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Sebak celebrates holidays in the 'Burgh

Sunday, November 17, 2002

By Rob Owen, Post-Gazette TV Editor

Writer/producer/narrator Rick Sebak's latest local special stays home for the holidays, which seems like a no-brainer. What better way to sell video tapes (and now DVDs) than with a holiday special, which WQED hucksters can easily market as the ultimate Christmas gift for one 'Burgh resident to give another?

TV Preview
"Happy Holidays in Pittsburgh"
When: 8 p.m. Saturday on WQED.
Starring: Rick Sebak.

You'd think someone would have thought of it sooner.

Sebak said there was talk of him making a holiday show when he first came to WQED more than 15 years ago, but instead another producer at the station made "A Child's Christmas in Pittsburgh."

"That was primarily a music show with these kids over-singing a lot of songs," Sebak said. "They were coached to enunciate and make their mouths really exaggerated. It was a very bizarre show, and having done that, there wasn't any call for another local holiday show."

Until now.

Sebak and his crew began filming "Happy Holidays in Pittsburgh" on Light Up Night 2001, shooting and editing about half the show before putting it down to make the national show "Sandwiches You Will Like" that premiered on WQED this fall and airs on PBS in January.

"Happy Holidays" clocks in at 60 minutes, although with pledge breaks it will run an hour and a half the first time it airs. An extended, 90-minute version will be sold on VHS, but only if ordered through WQED (tapes sold at stores will contain the 60-minute show). Only the 90-minute version - through the station or in stores - will be issued on DVD.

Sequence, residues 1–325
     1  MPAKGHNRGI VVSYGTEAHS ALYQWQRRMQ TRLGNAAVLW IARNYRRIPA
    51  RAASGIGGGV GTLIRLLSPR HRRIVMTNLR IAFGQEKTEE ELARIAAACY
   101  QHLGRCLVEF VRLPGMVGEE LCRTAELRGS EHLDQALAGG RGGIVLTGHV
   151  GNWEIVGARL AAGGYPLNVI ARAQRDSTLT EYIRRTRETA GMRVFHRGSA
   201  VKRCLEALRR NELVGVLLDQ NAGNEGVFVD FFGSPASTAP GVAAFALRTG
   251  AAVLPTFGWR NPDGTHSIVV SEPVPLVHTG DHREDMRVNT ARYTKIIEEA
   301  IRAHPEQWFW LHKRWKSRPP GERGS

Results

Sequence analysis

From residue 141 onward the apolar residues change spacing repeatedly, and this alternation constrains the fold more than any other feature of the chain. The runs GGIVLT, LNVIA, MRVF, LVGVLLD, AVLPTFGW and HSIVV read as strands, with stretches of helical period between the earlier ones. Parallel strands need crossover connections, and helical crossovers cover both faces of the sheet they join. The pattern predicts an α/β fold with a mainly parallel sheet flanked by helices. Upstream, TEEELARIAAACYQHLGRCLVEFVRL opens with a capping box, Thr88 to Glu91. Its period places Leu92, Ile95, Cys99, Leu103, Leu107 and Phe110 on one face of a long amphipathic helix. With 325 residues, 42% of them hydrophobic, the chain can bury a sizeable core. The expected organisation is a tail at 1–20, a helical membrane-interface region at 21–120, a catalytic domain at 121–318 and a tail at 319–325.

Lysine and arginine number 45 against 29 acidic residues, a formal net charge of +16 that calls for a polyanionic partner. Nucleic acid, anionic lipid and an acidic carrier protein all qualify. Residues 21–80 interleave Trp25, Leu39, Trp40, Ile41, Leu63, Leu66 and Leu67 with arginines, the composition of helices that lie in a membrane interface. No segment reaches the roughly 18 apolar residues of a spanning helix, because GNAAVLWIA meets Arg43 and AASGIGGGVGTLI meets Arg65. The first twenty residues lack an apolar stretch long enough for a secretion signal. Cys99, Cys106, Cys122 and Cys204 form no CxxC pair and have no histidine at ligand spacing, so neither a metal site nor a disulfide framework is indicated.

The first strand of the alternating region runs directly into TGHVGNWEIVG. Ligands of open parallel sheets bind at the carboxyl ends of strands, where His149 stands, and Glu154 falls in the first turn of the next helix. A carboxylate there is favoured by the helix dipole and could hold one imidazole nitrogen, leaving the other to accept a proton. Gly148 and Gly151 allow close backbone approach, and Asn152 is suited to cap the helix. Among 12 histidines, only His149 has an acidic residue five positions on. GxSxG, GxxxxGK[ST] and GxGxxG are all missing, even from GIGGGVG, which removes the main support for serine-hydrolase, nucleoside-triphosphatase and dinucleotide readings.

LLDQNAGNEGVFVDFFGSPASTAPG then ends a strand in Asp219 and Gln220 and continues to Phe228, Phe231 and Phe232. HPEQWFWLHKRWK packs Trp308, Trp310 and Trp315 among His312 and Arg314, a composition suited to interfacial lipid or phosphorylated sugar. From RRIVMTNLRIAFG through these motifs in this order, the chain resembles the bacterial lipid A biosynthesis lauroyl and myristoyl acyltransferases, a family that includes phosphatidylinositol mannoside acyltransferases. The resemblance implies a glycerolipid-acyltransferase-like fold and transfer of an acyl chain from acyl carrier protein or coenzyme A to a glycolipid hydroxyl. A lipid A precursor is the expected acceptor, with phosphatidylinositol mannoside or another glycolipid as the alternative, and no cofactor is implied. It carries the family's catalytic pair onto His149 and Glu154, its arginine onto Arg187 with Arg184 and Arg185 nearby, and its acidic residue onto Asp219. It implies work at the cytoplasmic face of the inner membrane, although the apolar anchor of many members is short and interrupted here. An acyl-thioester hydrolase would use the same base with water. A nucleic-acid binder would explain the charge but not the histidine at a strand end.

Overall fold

Sebak's program doesn't limit itself to Christmas and Hanukah, but also explores the customs of Ramadan and Kwanzaa and secular celebrations like shopping in Downtown and the Strip, First Night and Chinese New Year.

"These things are universal, global, international and there are many more than we touch on, but I thought it was kind of cool how specifically those things play out in Pittsburgh," Sebak said.

Another segment in "Happy Holidays" looks at how people decorate their houses. Sebak and crew drove around Brookline looking for brightly decorated homes to film.

"We didn't want to find mega-displays, just good ones," Sebak said. "One of my favorite sound bites is you hear me ask, 'Why do people do this?' And this man replies, 'Because we're psychos.' We all sort of revel in it. I like to think it could be primal, some sort of genetic need to cast light into the darkness."

Music plays a major role in many holiday celebrations, but music rights are a constant frustration for Sebak. If he interviews someone who sings a classic carol, whose rights are in the public domain, that's fine. But if someone breaks into "Rudolph the Red-Nosed Reindeer," he can't use the clip.

"That's always a hassle," Sebak said. He filmed a house tour segment for "Holidays" and was taken by the performance of a woman in her late teens, but the songs she sang prevented him from including the clip. "She had a David Lynchian quality. We tend to get 'American Idol,' overly emotive singers, but she was flat. Her singing wasn't flat, but emotionally she was flat. It was cool and weird."

Sebak picked the photo on the cover of TV Week to be the image for the "Happy Holidays in Pittsburgh" poster and the packaging on the home video. It features an array of Santas standing on the steps of the Syria Mosque in Oakland. He got the photo from the Carnegie Library of Pittsburgh, Pennsylvania Department.

"I love the unhappy faces of so many of the Santas, and I love the fact it's on the steps of the Syria Mosque," Sebak said. In early November, as he continued to edit "Happy Holidays," he had yet to find a way to work the photo of the Santas into the program.

"If nothing else, we'll put them in the credits."

You can reach Rob Owen at 412-263-2582 orrowen@@post-gazette.com . Post questions or comments to www.post-gazette.com/tv under TV Forum.

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